without self-righteousness.

Allen Tate and John Crowe Ransom were much more persuasive when they wrote about literature than when they tackled politics. The organic unity held up as a standard by most of the New Critics is a meaningful ideal for painting, music, and literature; but applying aesthetic standards to politics, whether right or left, is a mistake. If the old South seemed to speak with one voice, that was because discordant voices were silenced by legal and extralegal coercion, including lynchings. The narrator of Milan Kundera’s The Book of Laughter and Forgetting observes that the 1948 Communist coup in Czechoslovakia was welcomed at the time by “the more dynamic, the more intelligent, the better” half of the population because of the appeal of their “great dream,” “an idyll of justice for all,” “a realm of harmony .  .  . where every man is a note in a magnificent Bach fugue and anyone who refuses his note is a mere black dot, useless and meaningless, easily caught and squashed between the fingers like an insect.”

Likewise, ideas that are attractive in politics do not necessarily work in literary criticism. In “Criticism as Pure Speculation,” Ransom, arguing against organic unity as a standard, claimed that his emphasis on “local texture” not directly related to a poem’s “logical structure” meant that a poem could be considered “so to speak, a democratic state .  .  . whereas a prose discourse .  .  . is a totalitarian state.” It is quite possible, however, to prefer democracy to totalitarianism in politics while taking organic unity as an ideal in art and literature, the kind of unity that, as Cleanth Brooks puts it, “triumphs over the apparently contradictory and conflicting elements of experience by unifying them into a new pattern.”

It is hard to deny that there is a good deal that is attractive about the notion of a traditional society that includes, as Arbery puts it in his introduction,

such things as attachment to place from generation to generation, the traditions and communities that sprang up around such attachments, attunement to the rhythms of nature and its contingencies, strong bonds of kinship, a sense of the sacred, and indifference to an abstract idea of wealth understood in terms of monetary values.

It is also undeniable that the technological change and personal mobility encouraged by the free market weaken the attachments and bonds Arbery and the Agrarians rightly prize. One of the greatest proponents of free markets, Friedrich Hayek, freely acknowledged in The Fatal Conceit (1988) that the rules that make possible the “extended order” of the free market require the painful suppression of instincts formed during the long epoch when human beings or their ancestors lived in “small roving bands or troops.” In modern society, the ethics appropriate to family life do not work for society as a whole. Life in a clan or tribe called for solidarity within the group and “instinctual aggressiveness toward outsiders.” The marketplace, however, does not divide people into friends or enemies but instead requires equality before the law for all. While noting and even emphasizing the deep-seated emotional appeal of using the ethics of the family, clan, or tribe to condemn contemporary capitalist society (an appeal which politicians of both extreme left and right have exploited), Hayek observed that the attempt to regulate a modern economy according to family or tribal ethics would inevitably “doom a large part of mankind to poverty and death.”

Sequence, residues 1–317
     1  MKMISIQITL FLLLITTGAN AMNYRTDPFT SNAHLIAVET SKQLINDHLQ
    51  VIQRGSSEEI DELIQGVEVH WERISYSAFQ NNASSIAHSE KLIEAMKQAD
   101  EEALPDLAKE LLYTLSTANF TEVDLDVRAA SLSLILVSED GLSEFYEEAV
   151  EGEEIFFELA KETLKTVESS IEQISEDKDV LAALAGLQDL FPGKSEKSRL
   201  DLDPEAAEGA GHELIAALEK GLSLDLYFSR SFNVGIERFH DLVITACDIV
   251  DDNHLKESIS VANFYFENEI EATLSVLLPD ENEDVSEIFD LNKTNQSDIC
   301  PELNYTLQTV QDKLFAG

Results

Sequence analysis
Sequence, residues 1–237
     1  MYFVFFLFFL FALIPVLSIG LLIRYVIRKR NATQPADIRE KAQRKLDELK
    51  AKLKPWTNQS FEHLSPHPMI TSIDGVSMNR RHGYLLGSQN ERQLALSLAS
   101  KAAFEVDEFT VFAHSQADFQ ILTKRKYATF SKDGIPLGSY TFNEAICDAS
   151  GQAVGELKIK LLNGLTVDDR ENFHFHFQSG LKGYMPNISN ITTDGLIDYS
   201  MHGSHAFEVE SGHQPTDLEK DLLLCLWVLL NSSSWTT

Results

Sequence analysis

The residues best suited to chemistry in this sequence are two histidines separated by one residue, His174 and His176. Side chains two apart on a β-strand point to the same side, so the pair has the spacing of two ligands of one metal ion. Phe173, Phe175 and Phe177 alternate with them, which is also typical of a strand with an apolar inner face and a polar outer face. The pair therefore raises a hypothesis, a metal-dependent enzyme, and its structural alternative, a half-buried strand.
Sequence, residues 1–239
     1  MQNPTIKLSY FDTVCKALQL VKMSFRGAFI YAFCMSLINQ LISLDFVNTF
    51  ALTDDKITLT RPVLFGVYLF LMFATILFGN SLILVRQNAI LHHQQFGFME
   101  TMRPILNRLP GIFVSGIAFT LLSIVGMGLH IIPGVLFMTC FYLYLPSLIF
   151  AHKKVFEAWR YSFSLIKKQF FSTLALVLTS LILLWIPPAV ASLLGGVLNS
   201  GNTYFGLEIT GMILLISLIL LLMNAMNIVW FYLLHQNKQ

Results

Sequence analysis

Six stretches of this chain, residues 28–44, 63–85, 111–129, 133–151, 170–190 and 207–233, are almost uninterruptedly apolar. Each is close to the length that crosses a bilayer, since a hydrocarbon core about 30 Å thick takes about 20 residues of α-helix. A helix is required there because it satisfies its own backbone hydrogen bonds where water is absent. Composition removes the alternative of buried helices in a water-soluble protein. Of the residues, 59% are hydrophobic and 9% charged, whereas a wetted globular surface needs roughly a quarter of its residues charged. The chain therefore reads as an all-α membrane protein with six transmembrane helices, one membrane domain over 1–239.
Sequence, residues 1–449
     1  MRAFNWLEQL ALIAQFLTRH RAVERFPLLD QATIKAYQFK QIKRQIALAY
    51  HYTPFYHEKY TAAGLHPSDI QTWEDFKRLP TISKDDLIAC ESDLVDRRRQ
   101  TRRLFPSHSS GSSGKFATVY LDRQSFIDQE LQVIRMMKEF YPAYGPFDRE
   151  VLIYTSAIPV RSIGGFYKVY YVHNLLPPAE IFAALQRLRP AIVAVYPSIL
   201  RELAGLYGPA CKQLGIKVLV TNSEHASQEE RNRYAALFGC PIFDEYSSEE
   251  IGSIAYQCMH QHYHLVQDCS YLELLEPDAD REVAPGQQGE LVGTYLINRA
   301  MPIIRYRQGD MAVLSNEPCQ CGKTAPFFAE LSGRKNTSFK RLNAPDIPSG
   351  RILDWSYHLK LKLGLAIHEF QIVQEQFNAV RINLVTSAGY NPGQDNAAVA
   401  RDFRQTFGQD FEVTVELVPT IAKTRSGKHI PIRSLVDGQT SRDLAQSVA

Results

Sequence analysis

Philosophers or intellectuals, Hayek pointed out, are most in thrall to instinctive longings when they concoct ideal socialist or Communist societies. For Hayek “atavistic longing after the life of the noble savage is the main source of the collectivist tradition.” The Agrarians saw themselves as opponents of rationalistic left-wing intellectuals: A number preferred the title Tracts Against Communism to I’ll Take My Stand. Yet just as left-wing intellectuals condemned capitalism for its moral flaws while ignoring or even justifying the atrocities of Communist regimes, the Agrarians vehemently condemned “finance-capitalism,” “industrialism,” and the “money economy” while accepting or even justifying slavery and segregation. Both groups yearned for a society whose unity would eliminate the frustrations and alienation that accompany the unprecedented wealth and opportunities made possible by developed capitalist societies.

Art and literature have powerfully dramatized the conflicts, frustrations, and alienation of modern life, but it would be a mistake to take the guidance of literary intellectuals urging either a leap into an (imagined) utopia of the future or a return to a (largely mythical) past. The “Southern Critics” are often wise when they write about literature and about family and personal relationships, but not so wise when they address large political and social questions. 

 

James Seaton, professor of English at Michigan State, is the editor of George Santayana’s The Genteel Tradition in American Philosophy and Character and Opinion in the United States.